Following the revelations in the press and broadcast media about the Abu Ghraib Prison abuse scandal and related violations of international law, there have been calls for the resignation of US Defense Secretary Donald Rumsfeld, UK Defence Minister Geoff Hoon, and their respective heads of government, George W Bush and Tony Blair. The justification for these calls is that those in charge of coalition operations in Iraq must take responsibility for the actions of those under their command. However, the positions in the US and the UK are not equivalent, and each case requires careful scrutiny. The rhetoric obscures the true flow of responsibility. The fact that each country is notionally a democracy, led by leader elected by the people, leads to a false expectation that vocal popular opposition to a minister should lead to his or her removal.

In the American case, Donald Rumsfeld is not directly responsible to the people of the United States, or to anyone else except his president. George W Bush, when he became President, selected Mr Rumsfeld solely because of his own beliefs about Mr Rumsfeld's fitness for the job, and the direct and indirect advantages which might accrue from such an appointment. This method of choosing ministers is very much what was practised by European monarchs at the time the United States came into being. Although the United States constitution was designed to be democratic, and to avoid many of the perceived political ills of its era, it nevertheless produces leaders of the sort then in existence. The doctrine of the separation of powers, designed to limit presidential authority, in fact distances the President from all other elected representatives of the people, and ensures that in name, if not always in effect, he is an autocrat. The fact that he is head of state as well as head of government reinforces the impression of sovereignty. His ministers are selected in a manner fitting this style of leader - by fiat. Donald Rumsfeld, in the final analysis, stays or goes at his President's word. If Mr Rumsfeld considers resigning, he should consult his own conscience, assuming he has one. Beyond that, the only standard against which he need measure himself is the approval of the man who appointed him. President Bush, as the (theoretically) elected leader of the United States, must then answer to his electorate for such a decision. The President may be brought to account at the end of 2004, when his first term in office expires.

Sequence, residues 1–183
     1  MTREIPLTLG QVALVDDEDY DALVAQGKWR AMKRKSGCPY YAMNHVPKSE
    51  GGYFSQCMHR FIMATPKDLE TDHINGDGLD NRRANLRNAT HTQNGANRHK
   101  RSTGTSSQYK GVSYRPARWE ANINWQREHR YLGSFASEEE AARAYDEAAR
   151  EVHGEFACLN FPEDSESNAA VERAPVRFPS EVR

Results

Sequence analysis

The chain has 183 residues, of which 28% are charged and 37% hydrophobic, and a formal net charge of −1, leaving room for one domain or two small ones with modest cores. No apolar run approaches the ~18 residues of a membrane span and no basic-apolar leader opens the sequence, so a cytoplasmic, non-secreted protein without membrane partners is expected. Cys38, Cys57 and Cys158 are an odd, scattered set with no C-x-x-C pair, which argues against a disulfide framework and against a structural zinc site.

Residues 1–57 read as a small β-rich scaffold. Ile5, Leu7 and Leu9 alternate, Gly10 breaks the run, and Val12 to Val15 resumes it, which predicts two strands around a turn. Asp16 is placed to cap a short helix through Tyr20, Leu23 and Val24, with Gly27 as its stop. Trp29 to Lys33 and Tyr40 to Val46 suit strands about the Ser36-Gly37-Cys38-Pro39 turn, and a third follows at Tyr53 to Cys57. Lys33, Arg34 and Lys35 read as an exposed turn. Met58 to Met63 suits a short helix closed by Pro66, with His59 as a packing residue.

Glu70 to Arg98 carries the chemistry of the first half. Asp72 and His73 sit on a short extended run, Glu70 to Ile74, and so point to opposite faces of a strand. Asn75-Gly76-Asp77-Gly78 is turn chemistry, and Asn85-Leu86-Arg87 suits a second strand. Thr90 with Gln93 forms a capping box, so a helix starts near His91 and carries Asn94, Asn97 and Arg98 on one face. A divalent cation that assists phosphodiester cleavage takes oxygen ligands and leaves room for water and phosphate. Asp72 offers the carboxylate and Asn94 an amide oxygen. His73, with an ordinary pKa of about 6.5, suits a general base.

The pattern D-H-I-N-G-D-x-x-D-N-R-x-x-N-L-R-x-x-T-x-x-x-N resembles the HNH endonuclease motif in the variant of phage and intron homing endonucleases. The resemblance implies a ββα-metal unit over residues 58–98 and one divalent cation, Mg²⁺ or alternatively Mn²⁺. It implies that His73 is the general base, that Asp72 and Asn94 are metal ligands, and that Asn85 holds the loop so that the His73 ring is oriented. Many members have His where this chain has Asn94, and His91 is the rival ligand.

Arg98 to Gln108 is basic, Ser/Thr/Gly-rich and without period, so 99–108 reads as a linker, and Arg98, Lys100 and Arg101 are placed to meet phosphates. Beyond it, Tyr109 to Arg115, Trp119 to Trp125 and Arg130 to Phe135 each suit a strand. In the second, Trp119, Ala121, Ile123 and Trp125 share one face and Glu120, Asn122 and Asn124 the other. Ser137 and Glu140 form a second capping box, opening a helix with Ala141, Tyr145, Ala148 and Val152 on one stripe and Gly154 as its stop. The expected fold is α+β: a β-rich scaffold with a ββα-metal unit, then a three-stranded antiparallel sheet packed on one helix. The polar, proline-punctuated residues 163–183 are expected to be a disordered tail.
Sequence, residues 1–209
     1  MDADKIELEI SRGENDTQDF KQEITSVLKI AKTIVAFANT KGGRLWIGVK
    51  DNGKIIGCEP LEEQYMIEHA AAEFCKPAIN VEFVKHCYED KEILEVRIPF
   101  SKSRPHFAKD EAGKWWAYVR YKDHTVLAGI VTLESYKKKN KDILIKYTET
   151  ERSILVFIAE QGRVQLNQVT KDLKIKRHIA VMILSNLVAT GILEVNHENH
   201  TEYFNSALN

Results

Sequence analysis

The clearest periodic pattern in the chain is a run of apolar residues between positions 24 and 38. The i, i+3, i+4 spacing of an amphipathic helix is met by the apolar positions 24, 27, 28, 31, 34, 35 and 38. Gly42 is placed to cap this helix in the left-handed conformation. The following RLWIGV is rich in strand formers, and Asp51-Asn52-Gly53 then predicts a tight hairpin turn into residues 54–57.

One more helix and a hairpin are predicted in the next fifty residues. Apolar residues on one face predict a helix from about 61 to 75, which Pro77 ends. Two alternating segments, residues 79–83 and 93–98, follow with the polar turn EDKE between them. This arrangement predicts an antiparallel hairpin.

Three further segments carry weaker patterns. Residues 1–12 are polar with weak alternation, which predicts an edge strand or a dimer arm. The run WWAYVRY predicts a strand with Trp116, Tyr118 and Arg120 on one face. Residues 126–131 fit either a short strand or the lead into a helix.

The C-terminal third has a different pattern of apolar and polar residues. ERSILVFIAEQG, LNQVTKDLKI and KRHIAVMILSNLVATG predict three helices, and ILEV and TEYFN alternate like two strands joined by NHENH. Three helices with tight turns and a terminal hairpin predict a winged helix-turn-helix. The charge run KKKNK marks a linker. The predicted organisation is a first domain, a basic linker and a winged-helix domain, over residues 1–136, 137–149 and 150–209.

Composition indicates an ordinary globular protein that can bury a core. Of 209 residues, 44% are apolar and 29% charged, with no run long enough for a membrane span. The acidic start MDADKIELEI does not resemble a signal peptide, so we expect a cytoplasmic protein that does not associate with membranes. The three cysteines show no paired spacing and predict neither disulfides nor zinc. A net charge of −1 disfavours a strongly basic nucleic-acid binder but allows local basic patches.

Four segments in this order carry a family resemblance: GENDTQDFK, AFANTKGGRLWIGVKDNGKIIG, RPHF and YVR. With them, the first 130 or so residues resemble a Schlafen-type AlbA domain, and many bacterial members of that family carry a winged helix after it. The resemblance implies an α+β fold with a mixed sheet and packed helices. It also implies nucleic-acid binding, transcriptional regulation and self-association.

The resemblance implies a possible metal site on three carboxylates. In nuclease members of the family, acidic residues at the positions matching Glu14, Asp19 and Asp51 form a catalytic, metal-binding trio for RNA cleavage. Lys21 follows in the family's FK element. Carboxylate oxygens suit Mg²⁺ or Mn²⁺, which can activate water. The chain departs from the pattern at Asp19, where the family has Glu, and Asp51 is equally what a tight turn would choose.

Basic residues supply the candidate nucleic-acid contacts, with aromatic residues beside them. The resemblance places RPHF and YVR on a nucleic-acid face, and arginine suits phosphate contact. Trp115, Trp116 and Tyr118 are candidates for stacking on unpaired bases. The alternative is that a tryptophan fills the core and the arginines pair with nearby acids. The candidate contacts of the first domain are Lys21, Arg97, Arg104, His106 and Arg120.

Geoff Hoon's case is utterly different. Mr Hoon holds his office in part because he is Member of Parliament for Ashfield. If the people of Ashfield decide that Mr Hoon has been an ineffective representative, they can remove him as an individual from office at the next General Election. Indeed, if his constituency Labour party decide to withdraw their support from him, he could be removed before that. Most ministers, apart from the handful drawn from the House of Lords, are MPs and vulnerable to such things. In 1997, several outgoing Conservative ministers lost their seats as well as their cabinet positions due to their individual unpopularity with the voters. Tony Blair's choice of Mr Hoon was therefore dependent on Mr Hoon's election in Ashfield. What may be less apparent, but is no less important, is that Mr Blair's rule depends on Mr Hoon's election. The leader of a party can only continue to govern if that party controls a clear majority of seats in the House of Commons. Those MPs not supporting the Prime Minister form the Opposition, a source of criticism and obstruction for the government's policies - something noticeably lacking in the American system. Without separation of powers, laws and executive policies stem from the same place, and to hold up one can easily hold up the other. Mr Blair is not head of state, and his continued rule is dependent on his continued support from the individual representatives of the people. Geoff Hoon, therefore, in considering his position, must also consider what action will best represent his constituents, and thus be most likely to keep him in a job as MP. Unflinching loyalty to a leader who is becoming unpopular may not necessarily be the best policy. Foreign Secretary Robin Cook resigned his cabinet position on a point of principle relating to the war in Iraq, but retains his job as MP, and may well be re-elected in the next parliament. Each British minister is directly accountable to his or her own local electorate, and there are many ways a general election can dismantle a ministry. Tony Blair, to hold his cabinet together, must retain both his own seat and his parliamentary majority, and his ministers must retain their own seats.